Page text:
A midsized Dodge sport utility vehicle that analysts say will be made next summer at the Toledo Jeep plant was revealed yesterday at the media previews to the Chicago auto show.
If DaimlerChrysler AG builds the vehicle, or a similar one, it would be the first non-Jeep made in Toledo in about 10 years. A Chrysler spokesman said a final decision has not been made as to whether the Nitro will be the actual Dodge model that's slated to be built.
The five-passenger Dodge Nitro concept is slightly bigger than the Toledo-made Liberty, which is to share its four-year-old home and chassis with a Dodge model next summer as part of a $2.1 billion expansion of Toledo Jeep Assembly.
With a bold stance and signature chrome cross-hair grille, the Nitro is definitely a Dodge, analysts said.
While the Dodge vehicle to be built in Toledo may not have the Nitro's 20-inch wheels and other "over the top" features, it is likely to take various design cues from the concept unveiled yesterday, said auto analyst Rebecca Lindland of Global Insight Inc., an economic analysis firm in Lexington, Mass.
"I don't think it will be exactly it," she said. "I think the styling is a little over the top."
The Nitro could achieve the goal of drawing younger buyers and adding a SUV smaller than the Durango to the male-dominated Dodge brand, said auto analyst Wes Brown of Iceology, a market research firm in Los Angeles.
"It may be pretty much as is," he said. "I think it looks pretty cool."
He added: "If it's styled close to what they're showing, I think they've nailed it."
Chrysler spokesman Dianna Gutierrez said the automaker will consider reaction to the Nitro from consumers and the media before deciding to produce it.
"Right now it's just a concept vehicle," she said. "We'll take a look at it and see what happens - you just never know."
As part of Toledo Jeep's expansion, which will not add Chrysler jobs, the Jeep Wrangler will be redesigned next spring and be produced in a $900 million multifactory complex being built next to the plant that produces Libertys.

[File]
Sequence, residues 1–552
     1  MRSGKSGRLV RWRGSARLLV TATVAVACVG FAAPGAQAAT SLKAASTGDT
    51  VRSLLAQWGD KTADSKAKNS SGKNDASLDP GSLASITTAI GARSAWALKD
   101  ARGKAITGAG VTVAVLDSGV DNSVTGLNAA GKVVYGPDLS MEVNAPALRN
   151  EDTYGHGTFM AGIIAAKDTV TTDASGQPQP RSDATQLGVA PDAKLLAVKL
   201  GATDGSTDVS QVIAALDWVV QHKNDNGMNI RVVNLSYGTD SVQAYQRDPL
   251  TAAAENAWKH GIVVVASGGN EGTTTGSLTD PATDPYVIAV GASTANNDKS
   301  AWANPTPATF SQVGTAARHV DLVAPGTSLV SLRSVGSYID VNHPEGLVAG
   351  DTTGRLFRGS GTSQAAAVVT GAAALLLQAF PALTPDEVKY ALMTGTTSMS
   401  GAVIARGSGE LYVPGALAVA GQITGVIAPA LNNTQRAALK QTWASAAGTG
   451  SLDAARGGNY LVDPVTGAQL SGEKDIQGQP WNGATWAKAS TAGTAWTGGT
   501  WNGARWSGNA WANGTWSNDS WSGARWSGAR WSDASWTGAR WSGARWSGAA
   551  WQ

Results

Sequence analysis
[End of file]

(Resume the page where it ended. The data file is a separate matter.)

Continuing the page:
In all, the new investment in building, equipment, and vehicles is $2.1 billion.
The new complex's costs and duties will be shared by Chrysler and three key suppliers, which will provide chassis and painted bodies for the redesigned Wrangler next year and a four-door Jeep expected in 2007.
A Dodge SUV, meanwhile, will be produced at the Liberty factory, which will get added equipment in extra room built into the plant.
Chrysler officials never have said publicly what that vehicle would be or what it would look like. Production of it, however, is tentatively slated to start in July, 2006.
With supplier factories on site, Toledo Jeep will be different than other Big Three plants in North America, and the addition of a non-Jeep brand should help secure employment for the complex's 3,800 hourly workers.
The last non-Jeep made in Toledo was the Dodge Dakota pickup, made from 1993 to 1995.
Iceology's Mr. Brown said Chrysler has indicated the Dodge SUV's volume could be as high as 75,000 units a year, and it likely will steal away some Liberty buyers and be priced a little lower than the Jeep, which starts at $19,990.
Global Insight predicts Chrysler will make up to 42,000 of the Dodge SUVs in its first full year, or about a quarter of the 160,000 Libertys the firm expects to be built this year, Ms. Lindland said.
The Liberty-based SUV will be good for the Dodge brand and provide incremental sales for Chrysler despite some competition between the two Toledo-made models, Ms. Lindland said.
Jeep has dedicated customers, but some people want a softer ride and a little more space, she said.
The Nitro is roughly 1.5 inches wider than the Liberty, for example, and 4 inches longer. The concept has 32.3 cubic feet of cargo area behind the second seat, compared to 31 cubic feet for the Liberty.
The Nitro uses a 210-horsepower, 3.7-liter V-6 engine as does the Liberty, but the new SUV has a cross-hair grille and flared fenders like a Dodge truck. It is four-wheel drive and has an automatic transmission.
The Toledo-born Jeep brand is in the midst of broadening its appeal, starting on the high end later this year with the seven-passenger Jeep Commander to be built in Detroit with the Jeep Grand Cherokee.
The Dodge Neon plant in Belvidere, Ill., is expected to start building two entry-level Jeep models next year, with a combined volume of about 75,000 units annually, Ms. Lindland said.
Both will be more car-like than existing Jeeps and aim to attract young buyers who have defected to brands like Toyota Scion, she said.
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